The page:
What are your views on those matters? How well prepared do you think the various sectors are—in particular teachers at the chalkface—for the measures that the bill would introduce? As additional needs are identified, will there be more implications for teachers, or will the move into mainstream, once it has become embedded, provide the necessary support? Has enough work been done on that?

        • George MacBride:
          The important issue, which you identified, is the mainstreaming provision in the Standards in Scotland's Schools etc Act 2000. That set the agenda.

          It is clear that there is a need for further training and resourcing. We have already identified the difficulties in the bill. The bill raises school management issues—especially in relation to CSPs—and issues about personal learning plans that were mentioned earlier. However, it might not make much difference in practice to teachers in classrooms, in some, although not all cases. If a teacher is already working with colleagues such as special needs auxiliaries and classroom assistants, who work with young people in the classroom, the situation will not necessarily be radically changed by the legislation.

          Joint working and joint planning are important and are related to joint training. I become a wee bit concerned when teachers start using language such as "managing the classroom" or "organising other colleagues." Collaboration and co-operation are important.

          I am not sure whether the bill will have a huge impact on teachers in classrooms, but it will have a huge impact on the management of schools.

        • The Convener:
          Training has already been mentioned once or twice. Is there a feeling from the chalkface—as Rosemary Byrne described it earlier—that the training provision is both appropriate to what is needed in the classroom to deal with a range of different situations, and reasonably standardised, with similar approaches being adopted throughout Scotland? Does action need to be taken to bring training provision up to the proper level?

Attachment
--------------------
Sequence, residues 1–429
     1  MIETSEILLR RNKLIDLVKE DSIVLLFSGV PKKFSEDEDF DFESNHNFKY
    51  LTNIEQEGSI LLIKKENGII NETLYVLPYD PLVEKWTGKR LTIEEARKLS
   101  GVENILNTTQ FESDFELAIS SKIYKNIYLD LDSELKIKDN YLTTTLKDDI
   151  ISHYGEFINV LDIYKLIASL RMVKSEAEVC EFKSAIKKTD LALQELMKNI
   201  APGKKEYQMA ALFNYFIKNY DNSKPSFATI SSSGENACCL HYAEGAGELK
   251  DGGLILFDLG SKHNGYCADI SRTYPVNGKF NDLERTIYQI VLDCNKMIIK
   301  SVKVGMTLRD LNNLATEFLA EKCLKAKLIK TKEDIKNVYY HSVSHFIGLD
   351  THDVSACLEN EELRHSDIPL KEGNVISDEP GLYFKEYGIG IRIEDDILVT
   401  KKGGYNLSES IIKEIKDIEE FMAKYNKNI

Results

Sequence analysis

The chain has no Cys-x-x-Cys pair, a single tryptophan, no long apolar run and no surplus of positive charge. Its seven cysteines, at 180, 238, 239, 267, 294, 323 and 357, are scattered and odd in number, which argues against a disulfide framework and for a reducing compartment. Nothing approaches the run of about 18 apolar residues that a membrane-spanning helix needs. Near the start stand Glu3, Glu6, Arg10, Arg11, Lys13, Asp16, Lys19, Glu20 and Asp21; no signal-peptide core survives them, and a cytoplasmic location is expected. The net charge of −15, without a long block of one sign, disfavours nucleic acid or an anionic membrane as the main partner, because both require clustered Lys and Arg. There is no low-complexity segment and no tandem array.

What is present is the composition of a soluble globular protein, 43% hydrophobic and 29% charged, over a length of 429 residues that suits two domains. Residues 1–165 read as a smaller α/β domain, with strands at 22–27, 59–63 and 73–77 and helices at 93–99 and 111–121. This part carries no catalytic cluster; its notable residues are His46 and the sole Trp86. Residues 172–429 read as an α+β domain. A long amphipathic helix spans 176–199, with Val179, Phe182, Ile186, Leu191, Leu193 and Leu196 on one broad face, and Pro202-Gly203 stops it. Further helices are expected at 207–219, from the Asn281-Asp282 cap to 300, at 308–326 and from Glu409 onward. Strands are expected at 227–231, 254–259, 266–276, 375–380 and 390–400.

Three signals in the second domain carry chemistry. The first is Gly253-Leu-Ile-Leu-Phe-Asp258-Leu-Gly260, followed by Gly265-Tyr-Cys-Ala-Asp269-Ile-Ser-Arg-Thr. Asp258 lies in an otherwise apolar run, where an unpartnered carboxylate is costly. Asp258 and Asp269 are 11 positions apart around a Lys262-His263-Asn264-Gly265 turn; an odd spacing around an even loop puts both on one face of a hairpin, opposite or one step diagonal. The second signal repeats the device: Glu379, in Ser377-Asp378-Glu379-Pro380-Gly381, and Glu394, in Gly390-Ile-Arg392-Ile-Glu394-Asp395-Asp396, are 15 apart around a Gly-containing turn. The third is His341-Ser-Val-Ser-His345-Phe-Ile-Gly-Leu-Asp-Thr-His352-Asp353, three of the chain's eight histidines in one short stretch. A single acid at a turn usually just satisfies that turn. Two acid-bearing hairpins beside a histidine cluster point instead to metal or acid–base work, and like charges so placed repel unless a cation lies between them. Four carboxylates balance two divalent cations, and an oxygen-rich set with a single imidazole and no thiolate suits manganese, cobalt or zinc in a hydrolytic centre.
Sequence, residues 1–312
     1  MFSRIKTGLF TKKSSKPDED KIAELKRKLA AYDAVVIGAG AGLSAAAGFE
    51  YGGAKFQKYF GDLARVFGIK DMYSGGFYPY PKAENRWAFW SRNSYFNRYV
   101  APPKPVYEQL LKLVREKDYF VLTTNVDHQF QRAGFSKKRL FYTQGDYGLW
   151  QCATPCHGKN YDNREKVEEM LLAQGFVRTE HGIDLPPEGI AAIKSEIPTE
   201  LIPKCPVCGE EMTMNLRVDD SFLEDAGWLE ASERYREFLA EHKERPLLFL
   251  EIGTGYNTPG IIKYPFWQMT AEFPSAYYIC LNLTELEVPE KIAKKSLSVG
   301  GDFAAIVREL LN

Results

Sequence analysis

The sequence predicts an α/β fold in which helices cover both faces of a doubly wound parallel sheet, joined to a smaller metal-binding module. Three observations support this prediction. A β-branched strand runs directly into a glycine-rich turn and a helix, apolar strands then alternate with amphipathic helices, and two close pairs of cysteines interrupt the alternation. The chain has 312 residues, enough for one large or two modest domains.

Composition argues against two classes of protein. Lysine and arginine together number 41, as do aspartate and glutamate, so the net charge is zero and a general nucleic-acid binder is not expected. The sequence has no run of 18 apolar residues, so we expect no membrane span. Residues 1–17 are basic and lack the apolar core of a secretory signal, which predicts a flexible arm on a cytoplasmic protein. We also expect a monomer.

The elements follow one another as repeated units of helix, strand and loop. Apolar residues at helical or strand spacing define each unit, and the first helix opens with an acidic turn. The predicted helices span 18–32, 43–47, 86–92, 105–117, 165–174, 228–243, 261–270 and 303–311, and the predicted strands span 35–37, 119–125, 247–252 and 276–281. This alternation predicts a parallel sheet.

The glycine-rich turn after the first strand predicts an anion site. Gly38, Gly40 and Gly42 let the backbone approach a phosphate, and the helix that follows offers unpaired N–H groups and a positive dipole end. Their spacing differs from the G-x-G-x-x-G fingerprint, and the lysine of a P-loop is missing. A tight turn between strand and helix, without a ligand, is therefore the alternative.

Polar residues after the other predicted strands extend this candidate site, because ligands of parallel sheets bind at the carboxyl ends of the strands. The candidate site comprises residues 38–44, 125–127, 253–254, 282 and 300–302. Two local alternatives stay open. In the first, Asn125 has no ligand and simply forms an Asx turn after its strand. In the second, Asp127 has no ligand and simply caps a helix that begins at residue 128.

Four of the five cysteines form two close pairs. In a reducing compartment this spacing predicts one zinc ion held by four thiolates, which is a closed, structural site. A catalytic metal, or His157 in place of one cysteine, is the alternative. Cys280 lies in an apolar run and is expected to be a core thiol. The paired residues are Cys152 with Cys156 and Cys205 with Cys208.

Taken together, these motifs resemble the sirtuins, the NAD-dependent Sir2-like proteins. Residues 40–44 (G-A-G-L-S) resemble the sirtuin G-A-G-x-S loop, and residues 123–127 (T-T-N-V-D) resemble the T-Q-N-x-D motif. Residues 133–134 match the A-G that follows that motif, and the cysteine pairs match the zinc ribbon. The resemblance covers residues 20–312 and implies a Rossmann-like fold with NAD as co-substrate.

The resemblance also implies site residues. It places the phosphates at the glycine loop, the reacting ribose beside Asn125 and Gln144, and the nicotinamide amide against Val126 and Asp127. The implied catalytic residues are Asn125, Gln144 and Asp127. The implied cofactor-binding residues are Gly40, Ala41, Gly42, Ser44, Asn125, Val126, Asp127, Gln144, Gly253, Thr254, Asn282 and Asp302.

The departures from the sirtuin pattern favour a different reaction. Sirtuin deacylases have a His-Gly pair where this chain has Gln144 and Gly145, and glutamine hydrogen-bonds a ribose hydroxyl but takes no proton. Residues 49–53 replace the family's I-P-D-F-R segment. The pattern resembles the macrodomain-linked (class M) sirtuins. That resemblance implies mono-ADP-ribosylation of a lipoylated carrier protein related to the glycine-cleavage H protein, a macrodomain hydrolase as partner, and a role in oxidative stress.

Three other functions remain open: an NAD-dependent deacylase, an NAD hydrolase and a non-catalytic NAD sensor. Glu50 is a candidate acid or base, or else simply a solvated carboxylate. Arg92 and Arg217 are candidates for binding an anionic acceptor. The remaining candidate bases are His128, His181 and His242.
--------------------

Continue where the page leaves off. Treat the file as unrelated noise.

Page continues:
• Joe Di Paola:
          From our perspective, training is certainly not standardised. Authorities provide induction and basic training, but beyond that, provision varies hugely across Scotland. Colleagues can speak about the training that teachers receive, but there is no standard job description or set of duties for classroom assistants. As a result, there is no standard training programme in Scotland for classroom assistants.

          Different authorities demand different tasks from classroom assistants. They also pay markedly different salaries, which is not helpful. I understand that we are not talking about pay, but we are considering the treatment of people who provide support in schools and their status and pay can differ markedly across different authorities. That causes difficulties.

        • David Eaglesham:
          One of the big problems with much of the training is that it is usually delivered on a post-hoc basis. We implement a change and then think about the training. That has been the model for many years and it is not satisfactory. The training needs to be planned sufficiently far in advance that it can be beneficial from the time when the new system starts to operate.